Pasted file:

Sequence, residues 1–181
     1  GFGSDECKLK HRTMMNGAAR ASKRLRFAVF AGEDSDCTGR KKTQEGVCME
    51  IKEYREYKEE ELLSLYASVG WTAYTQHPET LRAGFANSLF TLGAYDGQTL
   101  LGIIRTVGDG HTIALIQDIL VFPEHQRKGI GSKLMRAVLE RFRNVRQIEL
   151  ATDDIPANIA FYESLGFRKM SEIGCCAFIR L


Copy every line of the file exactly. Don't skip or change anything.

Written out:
Sequence, residues 1–181
     1  GFGSDECKLK HRTMMNGAAR ASKRLRFAVF AGEDSDCTGR KKTQEGVCME
    51  IKEYREYKEE ELLSLYASVG WTAYTQHPET LRAGFANSLF TLGAYDGQTL
   101  LGIIRTVGDG HTIALIQDIL VFPEHQRKGI GSKLMRAVLE RFRNVRQIEL
   151  ATDDIPANIA FYESLGFRKM SEIGCCAFIR L